C. H. Spurgeon, the great Victorian preacher instructed his listeners: “If you are sure it is a right thing for which you are asking, plead now, plead at noon, plead at night, plead on. With cries and tears spread out your case. Order your arguments. Back up your pleas with reasons. Urge the precious blood of Jesus. Set the wounds of Christ before the Father’s eyes. Bring out the atoning sacrifice. Point to Calvary. Enlist the crowned Prince, the Priest who stands at the right hand of God. And resolve in your very soul that if souls are not saved, if your family be not blessed, if your own zeal be not revived, yet you will die with the plea on your lips, and with the importunate wish on your spirits.”

I thought you might like to reflect in your prayers today on a tale of two frogs:

The two frogs fell into a can of cream,
or so it has been told.
The sides of the can were shiny and steep,
The cream was deep and cold.
“Oh, what’s the use,” said number one,
“It’s plain no help’s around.
“Good-bye, my friend, good-bye, sad world”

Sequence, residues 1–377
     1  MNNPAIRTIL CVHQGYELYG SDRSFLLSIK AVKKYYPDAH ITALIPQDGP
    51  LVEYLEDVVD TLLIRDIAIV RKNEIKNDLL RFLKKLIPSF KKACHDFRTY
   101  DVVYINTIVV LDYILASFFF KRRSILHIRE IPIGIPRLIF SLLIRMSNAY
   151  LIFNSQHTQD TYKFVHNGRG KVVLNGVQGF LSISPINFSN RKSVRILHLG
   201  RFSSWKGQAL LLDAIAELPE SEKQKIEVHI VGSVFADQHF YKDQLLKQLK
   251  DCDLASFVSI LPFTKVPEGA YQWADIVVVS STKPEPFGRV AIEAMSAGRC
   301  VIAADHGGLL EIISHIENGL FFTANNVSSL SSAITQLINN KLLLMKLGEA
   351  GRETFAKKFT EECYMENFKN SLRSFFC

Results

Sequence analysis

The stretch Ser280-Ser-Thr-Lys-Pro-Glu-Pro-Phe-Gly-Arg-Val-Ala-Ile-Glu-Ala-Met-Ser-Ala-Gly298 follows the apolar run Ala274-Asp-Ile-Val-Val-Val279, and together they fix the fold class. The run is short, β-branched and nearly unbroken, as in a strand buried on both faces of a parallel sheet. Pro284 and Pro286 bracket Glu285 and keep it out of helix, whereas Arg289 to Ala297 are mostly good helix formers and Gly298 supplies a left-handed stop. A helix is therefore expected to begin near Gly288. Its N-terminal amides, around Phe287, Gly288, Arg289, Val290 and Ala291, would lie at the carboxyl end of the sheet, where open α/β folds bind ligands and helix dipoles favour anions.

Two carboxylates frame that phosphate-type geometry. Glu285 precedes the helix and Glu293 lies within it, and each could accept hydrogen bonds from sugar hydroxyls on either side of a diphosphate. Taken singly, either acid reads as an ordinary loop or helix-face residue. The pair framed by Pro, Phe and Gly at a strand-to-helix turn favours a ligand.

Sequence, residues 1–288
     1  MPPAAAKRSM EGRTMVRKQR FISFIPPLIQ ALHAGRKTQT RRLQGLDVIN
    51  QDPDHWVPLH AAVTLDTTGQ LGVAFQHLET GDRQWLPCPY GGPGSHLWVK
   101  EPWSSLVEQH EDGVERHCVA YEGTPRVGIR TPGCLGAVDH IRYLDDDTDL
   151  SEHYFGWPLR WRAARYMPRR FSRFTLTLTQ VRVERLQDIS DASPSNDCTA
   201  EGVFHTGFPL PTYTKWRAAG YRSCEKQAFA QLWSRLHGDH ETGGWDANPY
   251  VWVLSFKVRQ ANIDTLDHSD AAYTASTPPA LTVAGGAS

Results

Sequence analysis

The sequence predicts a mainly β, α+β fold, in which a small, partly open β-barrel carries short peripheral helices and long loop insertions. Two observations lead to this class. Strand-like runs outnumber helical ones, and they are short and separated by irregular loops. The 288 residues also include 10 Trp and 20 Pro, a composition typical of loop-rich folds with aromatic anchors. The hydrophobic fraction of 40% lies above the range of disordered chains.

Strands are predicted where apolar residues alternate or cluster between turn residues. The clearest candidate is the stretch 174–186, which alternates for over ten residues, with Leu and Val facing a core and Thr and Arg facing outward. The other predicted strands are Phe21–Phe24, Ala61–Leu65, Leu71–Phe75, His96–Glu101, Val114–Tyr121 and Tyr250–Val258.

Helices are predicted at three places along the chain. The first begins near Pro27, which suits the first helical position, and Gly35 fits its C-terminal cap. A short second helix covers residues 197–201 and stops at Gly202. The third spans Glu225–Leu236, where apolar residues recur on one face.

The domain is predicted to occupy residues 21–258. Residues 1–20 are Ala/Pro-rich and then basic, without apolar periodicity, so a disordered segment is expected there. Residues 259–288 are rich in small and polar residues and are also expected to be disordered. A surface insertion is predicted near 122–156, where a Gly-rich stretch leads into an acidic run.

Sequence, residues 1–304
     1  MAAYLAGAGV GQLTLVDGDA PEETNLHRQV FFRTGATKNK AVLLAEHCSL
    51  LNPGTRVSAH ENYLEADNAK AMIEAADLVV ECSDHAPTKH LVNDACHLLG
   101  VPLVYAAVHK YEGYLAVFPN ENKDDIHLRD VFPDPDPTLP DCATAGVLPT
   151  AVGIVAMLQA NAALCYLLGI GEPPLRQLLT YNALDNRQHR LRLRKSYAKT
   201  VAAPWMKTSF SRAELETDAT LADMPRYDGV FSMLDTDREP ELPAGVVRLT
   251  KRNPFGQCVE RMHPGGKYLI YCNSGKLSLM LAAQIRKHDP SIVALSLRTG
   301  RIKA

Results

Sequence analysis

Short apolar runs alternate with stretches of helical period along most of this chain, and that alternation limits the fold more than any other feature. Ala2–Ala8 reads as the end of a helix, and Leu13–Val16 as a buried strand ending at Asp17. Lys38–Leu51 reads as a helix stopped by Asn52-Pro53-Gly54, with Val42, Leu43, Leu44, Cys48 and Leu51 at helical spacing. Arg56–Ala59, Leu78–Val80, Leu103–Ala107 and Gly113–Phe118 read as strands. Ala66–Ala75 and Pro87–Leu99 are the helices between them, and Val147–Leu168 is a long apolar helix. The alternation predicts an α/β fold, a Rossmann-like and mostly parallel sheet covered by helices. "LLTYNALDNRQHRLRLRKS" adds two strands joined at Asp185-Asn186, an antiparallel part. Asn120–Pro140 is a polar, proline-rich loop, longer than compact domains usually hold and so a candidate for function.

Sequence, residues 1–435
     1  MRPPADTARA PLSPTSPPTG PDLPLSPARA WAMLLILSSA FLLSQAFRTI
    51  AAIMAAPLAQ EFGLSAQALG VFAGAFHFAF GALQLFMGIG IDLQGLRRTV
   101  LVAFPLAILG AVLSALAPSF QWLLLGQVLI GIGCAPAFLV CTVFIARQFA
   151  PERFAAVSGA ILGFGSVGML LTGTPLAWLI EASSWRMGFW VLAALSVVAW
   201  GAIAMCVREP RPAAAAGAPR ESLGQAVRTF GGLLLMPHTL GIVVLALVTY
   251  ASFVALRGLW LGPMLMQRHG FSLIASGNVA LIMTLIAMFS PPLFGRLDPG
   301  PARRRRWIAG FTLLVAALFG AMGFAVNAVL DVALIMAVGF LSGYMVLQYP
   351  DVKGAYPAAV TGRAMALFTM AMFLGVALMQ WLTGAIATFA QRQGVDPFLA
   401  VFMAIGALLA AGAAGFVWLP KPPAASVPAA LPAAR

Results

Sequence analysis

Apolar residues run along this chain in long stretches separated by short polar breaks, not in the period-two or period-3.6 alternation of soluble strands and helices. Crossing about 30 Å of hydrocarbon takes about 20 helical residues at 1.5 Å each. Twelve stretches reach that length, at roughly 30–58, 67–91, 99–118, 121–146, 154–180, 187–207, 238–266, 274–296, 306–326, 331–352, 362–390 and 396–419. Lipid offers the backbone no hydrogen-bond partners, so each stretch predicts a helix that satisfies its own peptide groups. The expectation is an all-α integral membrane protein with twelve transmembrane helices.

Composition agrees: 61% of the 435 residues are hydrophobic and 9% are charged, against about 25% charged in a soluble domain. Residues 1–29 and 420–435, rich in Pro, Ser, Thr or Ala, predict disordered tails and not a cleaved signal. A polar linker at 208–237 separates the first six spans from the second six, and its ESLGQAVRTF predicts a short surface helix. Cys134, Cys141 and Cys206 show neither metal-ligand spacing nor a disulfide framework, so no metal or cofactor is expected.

And weeping still he drowned.

But number two, of sterner stuff,
dog paddled in surprise.
The while he licked his creamy lips
And blinked his creamy eyes.
“I’ll swim at least a while,” he thought,
Or so it has been said.
“It really wouldn’t help the world
If one more frog were dead.”

An hour or more he kicked and swam,
Not once he stopped to mutter.
Then hopped out from the island he had
Made of fresh churned butter.
(Author Anonymous)

Mike Clarkson

Tuesday, October 23, 2007

Prayer and A Developing Trust

The next day he and Barnabas left for Derbe.
21 They preached the good news in that city and won a large number of disciples. Then they returned to Lystra, Iconium and Antioch, 22 strengthening the disciples and encouraging them to remain true to the faith. "We must go through many hardships to enter the kingdom of God," they said. 23 Paul and Barnabas appointed elders for them in each church and, with prayer and fasting, committed them to the Lord, in whom they had put their trust. 24 After going through Pisidia, they came into Pamphylia, 25 and when they had preached the word in Perga, they went down to Attalia.
26 From Attalia they sailed back to Antioch, where they had been committed to the grace of God for the work they had now completed. 27 On arriving there, they gathered the church together and reported all that God had done through them and how he had opened the door of faith to the Gentiles. 28 And they stayed there a long time with the disciples.
Acts 14:20-28